Determining dwell volume for UPLC

<p><span>How have other people determined the dwell volume for their Acquity systems? Should I base the flow rate on a minimum backpressure or just choose a default flow rate? What about the ramp for the gradient? One reference I read mentioned a 20 minute gradient. How should I address the two different slopes observed in the data during a gradient run? Initially, it rises steeply, then flattens out a bit and remains steady for the remainder of the gradient change. Which slope do I draw the tangent on?</span></p>


  • The flow rate is not terribly important. I would probably select 0.5 mL/min for the ACQUITY system. The ramp of the gradient as well as the concentration of the acetone should be such that you can clearly see the slope. The standard approach uses 0.1% acetone. Also, the gradient run time is not terribly important as long as you get a nice slope from which you can determine the 50% point. We have occasionally included a small gradient delay in the gradient table, and we then subtract the programmed gradient delay from the measured gradient delay.

    The observation that you have a steep rise at the beginning may indicate that you may have a problem with the second pump.

  • Greetings,

    First off, I have performed delay and dwell volume measurements many times on an ACQUITY UPLC system. With the standard 10 uL sample loop and 50 uL mixer installed, a perfectly acceptable estimate is 100 uL for total dwell volume. This estimate should be within +/- 10 uL of your system's, actual, volume. Just the other day we measured one of our systems at 92 uL.

    For the sake of this discussion, let's define delay volume as the initial "lift off" in a gradient or change in mobile phase composition. Further, let's define dwell volume as mid point (or inflection point) of any compositional "step" change. I prefer to measure the dwell volume as I believe it more accurately models the effective solvent change on the column. The "lift off" definition has the problem that the presentation is, usually, graphic and the interpretation tends to be subjective. It depends a great deal on the level of magnification used to examine the data and the "threshold" value chosen to define a departure from baseline.

    In most cases, the measurement of either delay or dwell volume will have similar experimental set ups. Pump A will be primed with some solvent and Pump B will be primed with the same solvent containing a spike that is recognizable by the detector in use. The column will be removed from the system and a union (or small restrictor) is used in place of the column to connect the solvent stabilizer to the inlet of the detector. For example, on a UV based system, I will often use 90% water and 10% ACN as the common solvent. Spiking the "B" solvent with 12 mg/L of caffeine will yield a signal of, approximately, 0.5 AU (273 nm) at 100% B. One of the attached procedures uses methanol with propylparaben as the spike. The principles are the same regardless of the solvents and absorbing compounds used. Often a short length of 0.0025" PEEK tubing must be inserted in place of the column to generate some back pressure. This tubing is included in the measurements. So, it should be short enough for the volume to be, essentially, negligible. Alternately, a small restrictor of fused silica tubing can be created to perform the same function with even less volume. The back pressure should be above 300 psi just to give the check valves something to work against. Flow rate is not, extraordinarily, important, but lower flow rates will offer greater resolution for the measurements.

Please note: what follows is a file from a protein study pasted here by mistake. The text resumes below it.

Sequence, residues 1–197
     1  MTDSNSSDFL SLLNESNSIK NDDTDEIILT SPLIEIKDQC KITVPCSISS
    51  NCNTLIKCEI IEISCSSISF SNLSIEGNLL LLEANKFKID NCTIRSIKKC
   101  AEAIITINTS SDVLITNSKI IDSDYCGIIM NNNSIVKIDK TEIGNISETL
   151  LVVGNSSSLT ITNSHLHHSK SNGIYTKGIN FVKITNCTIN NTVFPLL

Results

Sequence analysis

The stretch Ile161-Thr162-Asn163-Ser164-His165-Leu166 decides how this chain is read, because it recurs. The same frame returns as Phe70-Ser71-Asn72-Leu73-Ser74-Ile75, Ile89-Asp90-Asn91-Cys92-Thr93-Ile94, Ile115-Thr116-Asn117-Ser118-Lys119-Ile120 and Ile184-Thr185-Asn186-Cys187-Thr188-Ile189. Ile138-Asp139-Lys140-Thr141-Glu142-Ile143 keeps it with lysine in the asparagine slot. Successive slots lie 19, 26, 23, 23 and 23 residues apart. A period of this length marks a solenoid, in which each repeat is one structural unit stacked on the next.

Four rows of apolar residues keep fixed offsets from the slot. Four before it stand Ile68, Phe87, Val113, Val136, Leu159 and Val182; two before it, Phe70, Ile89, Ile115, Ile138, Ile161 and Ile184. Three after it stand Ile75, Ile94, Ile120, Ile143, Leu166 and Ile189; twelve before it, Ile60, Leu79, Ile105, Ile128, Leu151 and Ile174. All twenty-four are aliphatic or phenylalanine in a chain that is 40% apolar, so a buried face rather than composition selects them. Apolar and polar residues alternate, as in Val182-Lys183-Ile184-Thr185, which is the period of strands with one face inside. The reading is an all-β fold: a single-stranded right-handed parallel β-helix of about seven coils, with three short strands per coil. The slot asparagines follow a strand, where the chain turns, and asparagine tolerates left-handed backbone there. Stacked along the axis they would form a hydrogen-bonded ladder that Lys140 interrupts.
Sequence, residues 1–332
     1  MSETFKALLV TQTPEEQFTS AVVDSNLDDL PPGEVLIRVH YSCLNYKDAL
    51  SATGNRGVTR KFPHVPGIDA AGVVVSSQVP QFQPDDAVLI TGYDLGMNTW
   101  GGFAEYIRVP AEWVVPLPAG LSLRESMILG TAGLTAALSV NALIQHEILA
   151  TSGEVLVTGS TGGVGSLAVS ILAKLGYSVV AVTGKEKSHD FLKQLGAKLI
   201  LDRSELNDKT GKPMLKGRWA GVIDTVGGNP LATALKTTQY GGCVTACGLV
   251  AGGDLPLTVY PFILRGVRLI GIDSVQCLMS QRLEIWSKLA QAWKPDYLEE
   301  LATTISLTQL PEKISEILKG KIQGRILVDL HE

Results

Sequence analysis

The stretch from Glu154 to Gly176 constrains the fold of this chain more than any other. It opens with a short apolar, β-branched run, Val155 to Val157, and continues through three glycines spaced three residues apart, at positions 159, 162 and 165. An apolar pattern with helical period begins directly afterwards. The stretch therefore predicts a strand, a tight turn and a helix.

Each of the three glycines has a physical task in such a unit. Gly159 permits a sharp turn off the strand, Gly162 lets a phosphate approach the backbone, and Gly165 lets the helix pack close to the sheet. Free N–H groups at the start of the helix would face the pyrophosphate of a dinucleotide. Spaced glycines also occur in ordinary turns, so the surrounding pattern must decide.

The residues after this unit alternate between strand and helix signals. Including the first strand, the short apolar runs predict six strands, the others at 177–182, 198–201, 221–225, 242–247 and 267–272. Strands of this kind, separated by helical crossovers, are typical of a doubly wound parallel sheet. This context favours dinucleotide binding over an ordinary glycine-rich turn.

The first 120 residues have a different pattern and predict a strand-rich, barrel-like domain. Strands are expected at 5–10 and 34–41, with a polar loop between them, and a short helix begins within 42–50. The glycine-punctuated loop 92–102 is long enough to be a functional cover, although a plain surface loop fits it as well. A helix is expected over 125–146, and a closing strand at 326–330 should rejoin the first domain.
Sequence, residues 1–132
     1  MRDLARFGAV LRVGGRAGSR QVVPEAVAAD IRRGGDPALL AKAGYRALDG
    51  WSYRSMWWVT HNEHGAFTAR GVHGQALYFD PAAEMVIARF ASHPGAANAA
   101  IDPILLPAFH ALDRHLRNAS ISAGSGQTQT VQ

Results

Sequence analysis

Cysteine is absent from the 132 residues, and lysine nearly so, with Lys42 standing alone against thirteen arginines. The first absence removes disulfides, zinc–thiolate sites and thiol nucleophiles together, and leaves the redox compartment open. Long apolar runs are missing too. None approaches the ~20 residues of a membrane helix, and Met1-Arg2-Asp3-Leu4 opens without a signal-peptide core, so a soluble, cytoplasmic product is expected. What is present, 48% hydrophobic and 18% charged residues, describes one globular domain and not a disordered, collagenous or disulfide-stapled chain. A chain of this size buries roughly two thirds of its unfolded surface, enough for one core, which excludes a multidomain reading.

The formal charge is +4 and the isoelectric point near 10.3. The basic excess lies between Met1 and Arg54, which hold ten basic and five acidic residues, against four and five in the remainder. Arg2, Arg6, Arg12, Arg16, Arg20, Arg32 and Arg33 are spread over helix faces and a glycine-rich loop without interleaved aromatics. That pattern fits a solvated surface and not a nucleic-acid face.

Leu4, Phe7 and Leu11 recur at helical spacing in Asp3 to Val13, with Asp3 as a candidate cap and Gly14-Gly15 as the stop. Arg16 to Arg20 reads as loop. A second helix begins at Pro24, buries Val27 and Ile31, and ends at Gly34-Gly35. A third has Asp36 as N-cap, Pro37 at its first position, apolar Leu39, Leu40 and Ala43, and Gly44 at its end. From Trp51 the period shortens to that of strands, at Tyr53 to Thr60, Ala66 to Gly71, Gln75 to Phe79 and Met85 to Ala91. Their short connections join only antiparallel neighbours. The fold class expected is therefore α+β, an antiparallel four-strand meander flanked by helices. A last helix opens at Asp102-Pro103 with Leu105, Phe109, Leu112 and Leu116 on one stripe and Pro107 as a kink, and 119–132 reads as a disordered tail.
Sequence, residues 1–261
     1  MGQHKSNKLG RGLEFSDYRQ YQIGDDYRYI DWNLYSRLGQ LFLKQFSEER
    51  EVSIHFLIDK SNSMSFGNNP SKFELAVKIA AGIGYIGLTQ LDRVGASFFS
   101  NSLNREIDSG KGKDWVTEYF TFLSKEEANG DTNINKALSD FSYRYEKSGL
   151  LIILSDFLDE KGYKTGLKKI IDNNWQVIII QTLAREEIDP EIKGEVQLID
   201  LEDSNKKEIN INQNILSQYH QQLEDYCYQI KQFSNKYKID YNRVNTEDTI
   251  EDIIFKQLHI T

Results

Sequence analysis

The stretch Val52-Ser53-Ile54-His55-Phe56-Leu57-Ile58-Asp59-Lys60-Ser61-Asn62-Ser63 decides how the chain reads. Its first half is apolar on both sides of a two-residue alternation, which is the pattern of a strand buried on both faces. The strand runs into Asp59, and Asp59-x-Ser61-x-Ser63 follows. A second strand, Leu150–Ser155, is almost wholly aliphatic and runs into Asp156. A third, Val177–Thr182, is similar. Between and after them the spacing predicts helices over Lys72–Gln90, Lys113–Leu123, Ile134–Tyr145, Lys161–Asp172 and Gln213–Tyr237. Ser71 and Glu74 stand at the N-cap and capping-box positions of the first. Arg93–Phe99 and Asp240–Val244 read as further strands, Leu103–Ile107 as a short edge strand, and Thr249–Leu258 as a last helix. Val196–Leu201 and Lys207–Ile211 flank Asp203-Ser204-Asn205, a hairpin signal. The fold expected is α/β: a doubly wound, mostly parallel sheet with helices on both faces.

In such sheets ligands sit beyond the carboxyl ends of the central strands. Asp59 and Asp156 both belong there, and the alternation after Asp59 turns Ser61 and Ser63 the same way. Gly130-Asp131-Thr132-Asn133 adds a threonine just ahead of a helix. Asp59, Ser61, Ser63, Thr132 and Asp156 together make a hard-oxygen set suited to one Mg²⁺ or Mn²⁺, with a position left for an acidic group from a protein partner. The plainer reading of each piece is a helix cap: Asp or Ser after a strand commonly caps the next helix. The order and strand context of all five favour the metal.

Once the system is set up, there are several approaches that will all arrive at very similar results. These may use linear gradients or step responses. I have attached a couple of documented variations. One procedure is to perform a step gradient and allow Empower to create a derived channel for the first derivative of the step response in the absorbance. I then use the apex of the first derivative peak (inflection point) as the reference for the dwell volume. The inflection point will be quite close to the mid point of the step response which is another valid reference of the dwell volume. One advantage of using longer linear gradients to calculate dwell volume (also attached) is that a back regression along the linear response will intersect with the level of the initial baseline. This intersection point is a very good, and less subjective, estimation of the delay (lift off) volume of the system.

    I have also attached a procedure that uses chromatographic information to determine dwell volume. This approach has several advantages and disadvantages. It does not require a specific set up nor does it require the use of a spiked solvent. It does use a column with common chromatographic solvents and, so, more closely reflects actual chromatographic practice. However, it does require some a priori knowledge about the probe compounds and the solvents in use. It is based on the principle of comparing the retention time of an unretained peak against the retention of a r...